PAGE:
A Friendly AI would need to strike preemptively at the possibility of other AIs coming into existence, and all the variations of doing so would be unacceptable to its human partners.  (Broadly speaking 'destroy all microchips' suffices as the socially acceptable way to phrase the enormity of this challenge).  Any version of this would be much less tractable to our understanding of the capabilities of an AI than 'synthesize a death plague'.

In the face of trend 4 above, then, our hope is gated behind two impossibilities:

A. Creating an Aligned AI is a task that is beyond our capacity, while creating an Unaliged AI is increasingly possible.  We want to do the harder thing before someone does the easier.

B. Once created, the Aligned AI has a harder task than an Unaliged AI.  It must abort all Unaliged AI and leave humanity alive.  It is possible that the delta between these tasks will be decisive.  The actions necessary for this task will slam directly into whatever miracle let A occur.

To sum up this summary: The observable trends lead to worldwide death.  That is the commonplace, expected outcome of the sensory input we are receiving.  In order for that not to occur, multiple implausible things have to happen in succession, which they obviously won't.

Put one person in charge.  Every project I've ever worked on that succeeded (as opposed to 'succeeded') had one real boss that everyone was under.

A lot of people (not in this thread) have been generalizing from America's difficulties with the Taliban to what Russia might expect, should they conquer the Ukraine.  I do not think that the experiences will resemble one another as much as might be expected, because I think insurgencies require cooperative civilian populaces in which to conceal themselves, and I expect Russia's rules of engagement will discourage most civilians from supporting the Ukrainian partisans.

It isn't enough for the government to become net harmful.  It has to be worse than the cost of moving to a new government.

You are broadly correct, in my eyes, but it is hard to imagine anyone far enough along in life that they are browsing random sites like this one not having taken a stance on this question, yeah?  Like, this is a switch that gets flipped turbo early along in life, and never revisited.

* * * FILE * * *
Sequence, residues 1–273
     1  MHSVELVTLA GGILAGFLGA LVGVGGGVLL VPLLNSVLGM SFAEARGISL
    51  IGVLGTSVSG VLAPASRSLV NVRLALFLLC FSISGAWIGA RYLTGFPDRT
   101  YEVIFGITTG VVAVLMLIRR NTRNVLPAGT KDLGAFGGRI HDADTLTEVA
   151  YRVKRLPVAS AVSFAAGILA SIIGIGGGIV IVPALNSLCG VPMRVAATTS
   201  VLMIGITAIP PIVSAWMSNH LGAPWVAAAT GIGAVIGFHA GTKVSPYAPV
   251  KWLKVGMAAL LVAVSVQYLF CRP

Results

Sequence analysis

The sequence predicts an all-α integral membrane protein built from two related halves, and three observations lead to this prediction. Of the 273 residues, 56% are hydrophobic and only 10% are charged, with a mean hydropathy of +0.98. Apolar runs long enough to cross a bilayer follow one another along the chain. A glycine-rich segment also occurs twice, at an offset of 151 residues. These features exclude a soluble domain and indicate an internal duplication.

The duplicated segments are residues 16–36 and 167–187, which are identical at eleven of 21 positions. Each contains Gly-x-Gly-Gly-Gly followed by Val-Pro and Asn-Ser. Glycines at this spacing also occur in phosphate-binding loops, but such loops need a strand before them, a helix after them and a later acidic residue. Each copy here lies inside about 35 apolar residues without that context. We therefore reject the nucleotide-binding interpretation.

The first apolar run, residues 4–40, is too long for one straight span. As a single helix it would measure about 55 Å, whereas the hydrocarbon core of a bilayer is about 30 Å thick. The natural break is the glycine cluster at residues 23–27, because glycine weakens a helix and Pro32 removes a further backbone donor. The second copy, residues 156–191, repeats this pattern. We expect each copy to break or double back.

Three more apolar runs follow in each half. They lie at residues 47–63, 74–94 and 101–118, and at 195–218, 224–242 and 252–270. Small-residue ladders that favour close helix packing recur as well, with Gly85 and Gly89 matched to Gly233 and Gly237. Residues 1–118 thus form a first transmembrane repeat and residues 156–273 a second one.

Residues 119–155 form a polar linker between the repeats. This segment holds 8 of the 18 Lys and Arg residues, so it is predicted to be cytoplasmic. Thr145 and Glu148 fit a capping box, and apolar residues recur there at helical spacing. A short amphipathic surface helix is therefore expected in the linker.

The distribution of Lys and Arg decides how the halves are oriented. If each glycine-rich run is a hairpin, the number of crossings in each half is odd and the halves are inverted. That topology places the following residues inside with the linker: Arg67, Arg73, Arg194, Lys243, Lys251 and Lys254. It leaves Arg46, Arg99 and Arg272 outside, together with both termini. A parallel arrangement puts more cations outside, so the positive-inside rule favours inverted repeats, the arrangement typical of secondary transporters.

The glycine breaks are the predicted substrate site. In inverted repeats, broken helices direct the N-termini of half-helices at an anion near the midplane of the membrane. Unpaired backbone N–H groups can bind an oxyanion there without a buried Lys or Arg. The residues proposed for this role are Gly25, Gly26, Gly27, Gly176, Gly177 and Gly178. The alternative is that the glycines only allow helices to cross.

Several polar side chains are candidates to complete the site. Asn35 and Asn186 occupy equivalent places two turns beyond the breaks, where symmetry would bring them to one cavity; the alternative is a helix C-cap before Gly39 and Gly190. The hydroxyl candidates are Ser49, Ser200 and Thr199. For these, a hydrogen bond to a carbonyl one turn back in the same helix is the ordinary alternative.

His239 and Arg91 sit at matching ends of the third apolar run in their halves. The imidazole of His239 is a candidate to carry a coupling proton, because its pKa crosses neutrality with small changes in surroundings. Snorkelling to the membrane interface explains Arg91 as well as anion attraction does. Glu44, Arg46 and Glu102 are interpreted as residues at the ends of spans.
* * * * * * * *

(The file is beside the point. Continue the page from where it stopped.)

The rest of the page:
Those whose stances are in agreement just nod along, those whose stances are opposed reject your argument for all the reasons that you cited (it's a narcissistic injury, etc).

I dunno, I don't think it can hurt, but I doubt your message finds the ear of anyone who needs to hear it.

I'm not sure what you mean by 'astronomical waste or astronomical suffering'.  Like, you are writing that everything forever is status games, ok, sure, but then you can't turn around and appeal to a universal concept of suffering/waste, right?

Whatever you are worried about is just like Gandhi worrying about being too concerned with cattle, plus x years, yeah?  And even if you've lucked into a non status games morality such that you can perceive 'Genuine Waste' or what have you...surely by your own logic, we who are reading this are incapable of understanding, aside from in terms of status games.

I've been saying this for years.  EMH is just sour grapes, it is exactly like all those news stories about how people who won the lottery don't enjoy their money.

Whenever there is a thing that people can do, and some don't, a demand exists for stories that tell them that they are wise, even heroic, for not doing the thing.  Arguments are Soldiers, Beware One Sided Tradeoffs, all those articles sort of gesture at this.  That demand will be met because making up a lie is easy and people like upvotes.

EMH is a complicated way to say 'your decision to do nothing was the best one.', even when that manifestly isn't true.  Try and write down what people will say before them 'I make 70-200% without risk in 2 months' and see if you get bingo.  'The House Always Wins' is your free middle square.